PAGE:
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Officials: Al Qaeda claims responsibility for Bhutto killing

  • Story Highlights
  • FBI, Department of Homeland Security issue bulletin Thursday
  • Bulletin says two al Qaeda associates made claim to news agency
  • "We terminated the most precious American asset," associate says
  • DHS official says the claim has not been confirmed
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WASHINGTON (CNN) -- The FBI and the Department of Homeland Security issued a bulletin Thursday citing an alleged claim of responsibility by al Qaeda for former Pakistani Prime Minister Benazir Bhutto's assassination, a DHS official told CNN.

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An Italian news agency says al Qaeda No. 2 Ayman al-Zawahiri began planning Bhutto's killing in October.

But such a claim has not appeared on radical Islamist Web sites that regularly post such messages from al Qaeda and other militant groups.

The source of the claim was apparently Italian news agency, Adnkronos International (AKI), which said that al Qaeda Afghanistan commander and spokesman Mustafa Abu Al-Yazid had telephoned the agency to make the claim.

"We terminated the most precious American asset which vowed to defeat [the] mujahadeen," AKI quoted Al-Yazid as saying.

According to AKI, al Qaeda No. 2 Ayman al-Zawahiri set the wheels in motion for the assassination in October.

One Islamist Web site repeated the claim, but that Web site is not considered a reliable source for Islamist messages by experts in the field.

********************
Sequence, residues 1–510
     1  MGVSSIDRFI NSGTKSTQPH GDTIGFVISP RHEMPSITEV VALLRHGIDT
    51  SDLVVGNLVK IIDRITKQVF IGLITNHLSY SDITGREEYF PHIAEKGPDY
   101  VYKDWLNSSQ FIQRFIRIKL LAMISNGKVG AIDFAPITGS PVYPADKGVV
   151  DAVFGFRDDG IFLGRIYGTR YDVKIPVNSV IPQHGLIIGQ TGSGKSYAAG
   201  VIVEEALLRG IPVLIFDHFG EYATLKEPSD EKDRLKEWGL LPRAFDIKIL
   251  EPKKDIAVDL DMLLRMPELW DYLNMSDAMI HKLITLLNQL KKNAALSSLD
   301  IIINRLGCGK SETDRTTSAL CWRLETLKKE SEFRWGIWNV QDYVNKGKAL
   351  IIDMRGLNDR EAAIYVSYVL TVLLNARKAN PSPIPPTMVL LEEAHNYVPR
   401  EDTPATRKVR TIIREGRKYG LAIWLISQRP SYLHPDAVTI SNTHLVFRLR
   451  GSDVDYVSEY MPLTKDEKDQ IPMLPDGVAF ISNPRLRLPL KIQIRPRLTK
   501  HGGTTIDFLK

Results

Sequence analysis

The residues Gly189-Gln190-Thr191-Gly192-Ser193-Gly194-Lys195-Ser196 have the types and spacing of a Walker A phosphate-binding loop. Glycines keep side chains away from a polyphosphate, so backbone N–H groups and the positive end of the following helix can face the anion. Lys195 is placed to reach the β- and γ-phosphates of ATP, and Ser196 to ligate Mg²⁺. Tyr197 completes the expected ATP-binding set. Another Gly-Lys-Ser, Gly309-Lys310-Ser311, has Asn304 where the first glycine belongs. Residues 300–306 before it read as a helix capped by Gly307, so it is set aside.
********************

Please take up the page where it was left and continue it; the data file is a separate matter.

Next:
The DHS official said the claim was "an unconfirmed open source claim of responsibility" and the bulletin was sent out at about 6 p.m. to state and local law enforcement agencies.

The official characterized the bulletin as "information sharing."

Ross Feinstein, spokesman for Director of National Intelligence Mike McConnell, said the U.S. intelligence community is monitoring the situation and trying to figure out who is responsible for the assassination.

"We are not in a position to confirm who may be responsible," Feinstein said.

Feinstein said that the intelligence community "obviously analyze(s) open source intelligence," but he would not say whether the community believes the claim has any validity.

For now, he said, there is "no conclusion" as to who may be responsible.

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Earlier, DHS spokesman Russ Knocke said Bhutto's assassination had not prompted "any adjustments to our security posture."

"Of course, we continue to closely monitor events as they unfold overseas," he said. E-mail to a friend E-mail to a friend

CNN's Jeanne Meserve contributed to this report.

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